@Jack Burton
>the Amiga could display up to 655000 colors, go figure !
Certainly as I think the max number for ham8 is certainly 2097152 colors but my DatatypeToHam prog dont manage the palette smartly enough to go beyond the 262144 colors

> pics and rendered them with ImageFX
you can also use my (Aminet available) DatatypeToHam program for converting your pictures to Ham ...

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Old 02 November 2016, 11:37   #54
Jack Burton
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Not really, it's just that your particular test image doesn't cover the RGB range very well when you crop out just a small part of it.
If you're taking the top left 5x5 squares then you're only going to be testing with 25 blue levels out of 256, and some of those will be mapped to the same blue level after colour-reduction to 18-bit, so you'd probably only have 10 unique blue levels out of 64 represented.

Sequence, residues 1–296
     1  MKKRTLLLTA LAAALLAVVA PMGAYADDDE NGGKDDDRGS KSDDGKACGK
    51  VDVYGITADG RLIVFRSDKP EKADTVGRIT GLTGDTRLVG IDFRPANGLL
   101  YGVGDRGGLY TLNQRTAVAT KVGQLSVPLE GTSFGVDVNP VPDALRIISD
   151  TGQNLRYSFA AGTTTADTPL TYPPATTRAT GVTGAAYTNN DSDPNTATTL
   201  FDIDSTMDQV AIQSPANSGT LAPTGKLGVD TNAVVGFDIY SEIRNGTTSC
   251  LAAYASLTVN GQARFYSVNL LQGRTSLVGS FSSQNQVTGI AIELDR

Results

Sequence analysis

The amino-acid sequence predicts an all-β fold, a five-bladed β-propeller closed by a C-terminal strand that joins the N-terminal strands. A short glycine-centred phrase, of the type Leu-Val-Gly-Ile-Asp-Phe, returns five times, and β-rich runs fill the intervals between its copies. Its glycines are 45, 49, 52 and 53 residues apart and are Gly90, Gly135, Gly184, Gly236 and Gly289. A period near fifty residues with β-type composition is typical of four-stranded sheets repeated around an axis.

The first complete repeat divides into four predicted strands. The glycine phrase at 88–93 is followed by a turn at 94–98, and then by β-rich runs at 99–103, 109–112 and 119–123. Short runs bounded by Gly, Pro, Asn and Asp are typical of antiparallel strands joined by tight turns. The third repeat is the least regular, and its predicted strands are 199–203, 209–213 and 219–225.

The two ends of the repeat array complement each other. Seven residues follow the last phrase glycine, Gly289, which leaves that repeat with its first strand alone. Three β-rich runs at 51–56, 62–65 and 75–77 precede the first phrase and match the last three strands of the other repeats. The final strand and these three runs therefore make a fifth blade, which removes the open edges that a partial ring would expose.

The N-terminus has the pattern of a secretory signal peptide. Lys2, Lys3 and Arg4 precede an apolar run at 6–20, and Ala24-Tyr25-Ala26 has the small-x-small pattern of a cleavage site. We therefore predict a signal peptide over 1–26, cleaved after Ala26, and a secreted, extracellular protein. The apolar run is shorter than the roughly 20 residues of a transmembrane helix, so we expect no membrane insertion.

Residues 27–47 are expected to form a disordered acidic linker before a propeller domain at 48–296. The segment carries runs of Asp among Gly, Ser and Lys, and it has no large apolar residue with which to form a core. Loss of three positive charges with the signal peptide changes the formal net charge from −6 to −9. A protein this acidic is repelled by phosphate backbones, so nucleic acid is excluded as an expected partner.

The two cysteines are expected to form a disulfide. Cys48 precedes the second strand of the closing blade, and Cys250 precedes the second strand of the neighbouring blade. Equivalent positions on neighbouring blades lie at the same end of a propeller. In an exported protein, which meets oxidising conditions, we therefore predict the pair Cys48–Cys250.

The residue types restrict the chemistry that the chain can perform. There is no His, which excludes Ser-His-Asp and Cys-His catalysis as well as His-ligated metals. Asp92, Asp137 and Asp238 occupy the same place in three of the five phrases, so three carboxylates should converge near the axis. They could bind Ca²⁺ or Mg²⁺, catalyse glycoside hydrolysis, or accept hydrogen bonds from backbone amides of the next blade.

Therefore your potential colour range of 262144 colours is reduced to 262144*10/64 = 40960, which is pretty close to the result you got.
If instead of cropping you do a nearest-neighbour scaling on your test image to reduce it to 512x512 pixels, then repeat your test I think you'll get a result much closer to 262144.
Yes, true, I didn't think about that.
I did some test again, I scaled the image to 512x512 as you advised me, and this time the color counting result was 63526 colors ! It's quite impressive because this time it's 4 times less colors than 262144 (from 24bit 512x512) whereas in my first test (1280x1280 -> 41082) it was 39 times less colors from the 24bit 1280x1280 source !
So you were right, in fact it really depends on the nature of the image displayed. For that matter landscapes give very good results, almost 24bit quality.
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Old 02 November 2016, 11:38   #55
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Hello

@Jack Burton
>the Amiga could display up to 655000 colors, go figure !
Certainly as I think the max number for ham8 is certainly 2097152 colors but my DatatypeToHam prog dont manage the palette smartly enough to go beyond the 262144 colors